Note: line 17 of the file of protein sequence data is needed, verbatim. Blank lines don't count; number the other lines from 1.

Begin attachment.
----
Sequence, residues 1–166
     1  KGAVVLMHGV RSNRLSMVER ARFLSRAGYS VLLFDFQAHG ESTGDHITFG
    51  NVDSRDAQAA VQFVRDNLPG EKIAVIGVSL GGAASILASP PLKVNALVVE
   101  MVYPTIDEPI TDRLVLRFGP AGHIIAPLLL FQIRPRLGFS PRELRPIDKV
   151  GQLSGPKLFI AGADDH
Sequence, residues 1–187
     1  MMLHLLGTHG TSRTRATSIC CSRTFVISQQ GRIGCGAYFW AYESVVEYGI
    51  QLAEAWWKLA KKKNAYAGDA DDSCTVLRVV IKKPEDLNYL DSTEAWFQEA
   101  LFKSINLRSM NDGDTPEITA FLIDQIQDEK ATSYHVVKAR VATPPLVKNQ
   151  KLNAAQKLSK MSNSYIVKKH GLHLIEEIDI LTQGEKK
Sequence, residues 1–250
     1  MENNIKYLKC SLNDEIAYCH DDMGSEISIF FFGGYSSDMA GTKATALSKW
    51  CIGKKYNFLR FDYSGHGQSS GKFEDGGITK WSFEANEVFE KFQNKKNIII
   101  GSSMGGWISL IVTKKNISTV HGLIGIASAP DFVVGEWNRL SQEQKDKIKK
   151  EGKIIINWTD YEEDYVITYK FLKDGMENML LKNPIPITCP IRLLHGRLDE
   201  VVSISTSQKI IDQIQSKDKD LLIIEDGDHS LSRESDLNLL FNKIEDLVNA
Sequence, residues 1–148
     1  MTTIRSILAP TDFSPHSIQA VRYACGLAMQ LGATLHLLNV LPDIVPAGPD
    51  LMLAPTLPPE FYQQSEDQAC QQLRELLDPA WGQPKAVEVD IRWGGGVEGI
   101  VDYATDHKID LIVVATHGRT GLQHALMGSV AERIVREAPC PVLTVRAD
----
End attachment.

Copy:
Sequence, residues 1–148